In terms of advice here in the first part of Matthew chapter 7, then, Jesus actually offers us a few ‘golden rules.’ Monitor your own mistakes before you get wrapped up in pointing out the mistakes of others. Show compassion and grace, and try everything you can to convey the good news of the kingdom of God to everyone, but if you cannot get through to someone, leave it in God’s hands. And finally, keep on praying. Ask. Seek. Knock. Whatever the final result, your prayers will never, ever fall on deaf ears. It starts to sound a lot like what we do around here on a Sunday morning, doesn’t it? Confessing our sins. Sharing God’s peace. Demonstrating persistence in prayer.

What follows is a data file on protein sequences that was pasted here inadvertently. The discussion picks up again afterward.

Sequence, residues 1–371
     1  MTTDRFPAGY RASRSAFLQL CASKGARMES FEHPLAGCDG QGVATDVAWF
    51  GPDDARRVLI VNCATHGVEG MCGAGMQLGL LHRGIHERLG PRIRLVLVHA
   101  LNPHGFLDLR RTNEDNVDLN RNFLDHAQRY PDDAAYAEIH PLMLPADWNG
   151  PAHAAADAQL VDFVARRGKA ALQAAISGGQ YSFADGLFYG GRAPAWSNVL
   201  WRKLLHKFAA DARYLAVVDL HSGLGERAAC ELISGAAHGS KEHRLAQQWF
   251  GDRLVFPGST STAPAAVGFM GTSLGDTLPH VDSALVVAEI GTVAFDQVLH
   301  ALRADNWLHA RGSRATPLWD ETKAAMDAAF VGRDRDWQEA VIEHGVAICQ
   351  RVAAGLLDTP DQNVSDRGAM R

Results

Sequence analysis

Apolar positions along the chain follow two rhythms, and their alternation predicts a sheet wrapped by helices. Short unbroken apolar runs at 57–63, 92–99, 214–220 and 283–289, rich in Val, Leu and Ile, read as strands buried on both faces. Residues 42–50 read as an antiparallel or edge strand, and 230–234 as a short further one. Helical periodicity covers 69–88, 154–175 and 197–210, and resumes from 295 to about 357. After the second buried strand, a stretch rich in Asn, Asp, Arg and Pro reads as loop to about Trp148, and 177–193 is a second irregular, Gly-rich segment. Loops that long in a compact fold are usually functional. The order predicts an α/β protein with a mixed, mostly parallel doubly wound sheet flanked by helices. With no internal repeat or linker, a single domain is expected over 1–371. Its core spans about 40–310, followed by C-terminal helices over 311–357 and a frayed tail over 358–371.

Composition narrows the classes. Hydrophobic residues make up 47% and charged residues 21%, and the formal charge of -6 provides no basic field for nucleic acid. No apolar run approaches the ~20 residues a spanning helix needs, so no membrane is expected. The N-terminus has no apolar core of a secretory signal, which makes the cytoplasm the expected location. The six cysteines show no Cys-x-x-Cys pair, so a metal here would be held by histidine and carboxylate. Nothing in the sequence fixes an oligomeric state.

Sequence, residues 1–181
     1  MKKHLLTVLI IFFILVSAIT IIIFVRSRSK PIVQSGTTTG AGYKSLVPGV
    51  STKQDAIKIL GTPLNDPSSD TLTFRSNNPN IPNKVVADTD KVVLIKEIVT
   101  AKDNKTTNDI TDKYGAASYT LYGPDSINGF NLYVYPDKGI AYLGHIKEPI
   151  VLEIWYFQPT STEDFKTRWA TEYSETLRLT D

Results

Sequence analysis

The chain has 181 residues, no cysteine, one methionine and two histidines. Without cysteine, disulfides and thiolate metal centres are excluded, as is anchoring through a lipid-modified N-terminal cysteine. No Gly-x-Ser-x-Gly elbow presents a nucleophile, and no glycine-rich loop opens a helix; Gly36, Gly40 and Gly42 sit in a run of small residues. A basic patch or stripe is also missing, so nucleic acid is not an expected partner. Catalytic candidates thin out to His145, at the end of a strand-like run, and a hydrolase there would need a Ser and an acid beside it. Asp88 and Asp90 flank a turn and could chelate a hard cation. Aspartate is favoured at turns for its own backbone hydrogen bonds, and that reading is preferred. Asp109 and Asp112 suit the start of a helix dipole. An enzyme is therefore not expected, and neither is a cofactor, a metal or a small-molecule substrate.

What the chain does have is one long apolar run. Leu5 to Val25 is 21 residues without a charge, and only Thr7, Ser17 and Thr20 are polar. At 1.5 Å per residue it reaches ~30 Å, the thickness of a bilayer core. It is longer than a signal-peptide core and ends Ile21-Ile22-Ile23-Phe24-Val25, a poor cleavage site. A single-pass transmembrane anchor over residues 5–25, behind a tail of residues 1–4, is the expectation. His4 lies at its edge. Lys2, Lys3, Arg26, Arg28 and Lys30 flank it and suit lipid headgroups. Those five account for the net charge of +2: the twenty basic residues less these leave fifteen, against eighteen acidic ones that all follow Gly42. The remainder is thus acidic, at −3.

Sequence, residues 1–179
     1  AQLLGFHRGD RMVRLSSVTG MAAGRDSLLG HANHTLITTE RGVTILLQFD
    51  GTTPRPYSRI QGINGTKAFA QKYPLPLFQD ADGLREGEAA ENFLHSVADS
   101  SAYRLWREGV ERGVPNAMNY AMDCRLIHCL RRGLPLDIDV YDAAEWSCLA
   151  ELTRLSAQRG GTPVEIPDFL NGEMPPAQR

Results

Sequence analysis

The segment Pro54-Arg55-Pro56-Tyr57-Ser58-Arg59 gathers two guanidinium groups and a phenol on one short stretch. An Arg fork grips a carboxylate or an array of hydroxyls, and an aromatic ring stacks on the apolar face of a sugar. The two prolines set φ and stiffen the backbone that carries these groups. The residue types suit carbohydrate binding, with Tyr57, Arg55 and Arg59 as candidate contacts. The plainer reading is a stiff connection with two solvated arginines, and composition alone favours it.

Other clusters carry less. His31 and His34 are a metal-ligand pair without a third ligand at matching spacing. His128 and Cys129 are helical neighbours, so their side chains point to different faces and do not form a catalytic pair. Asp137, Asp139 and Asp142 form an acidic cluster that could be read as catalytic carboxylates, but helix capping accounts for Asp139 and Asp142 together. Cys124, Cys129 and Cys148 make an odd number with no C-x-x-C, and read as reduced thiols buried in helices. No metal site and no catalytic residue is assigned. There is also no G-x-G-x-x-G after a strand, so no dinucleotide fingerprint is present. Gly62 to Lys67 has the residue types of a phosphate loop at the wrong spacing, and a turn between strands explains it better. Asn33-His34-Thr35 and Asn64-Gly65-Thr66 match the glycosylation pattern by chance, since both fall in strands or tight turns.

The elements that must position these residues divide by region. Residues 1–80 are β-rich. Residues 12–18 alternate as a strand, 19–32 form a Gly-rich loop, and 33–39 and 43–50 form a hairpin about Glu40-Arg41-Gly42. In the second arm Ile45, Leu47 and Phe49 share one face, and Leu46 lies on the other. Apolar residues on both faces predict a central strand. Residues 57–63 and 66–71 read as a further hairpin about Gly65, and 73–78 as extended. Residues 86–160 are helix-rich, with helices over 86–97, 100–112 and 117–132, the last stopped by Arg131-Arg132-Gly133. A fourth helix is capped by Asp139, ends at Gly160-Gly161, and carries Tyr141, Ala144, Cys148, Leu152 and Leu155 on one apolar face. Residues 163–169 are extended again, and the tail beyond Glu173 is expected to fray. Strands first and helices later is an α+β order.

And of course what we do in here is always meant to be taken out beyond these walls too. For as we’ve seen throughout the Sermon on the Mount, as followers of Jesus we are blessed, not in order to keep that blessing for ourselves, but in order to be a blessing to others. So in our judgments, in our acts of compassion, and in our prayers, let’s keep on finding ways to shine God’s light, and to salt the earth with kingdom-of-God flavor.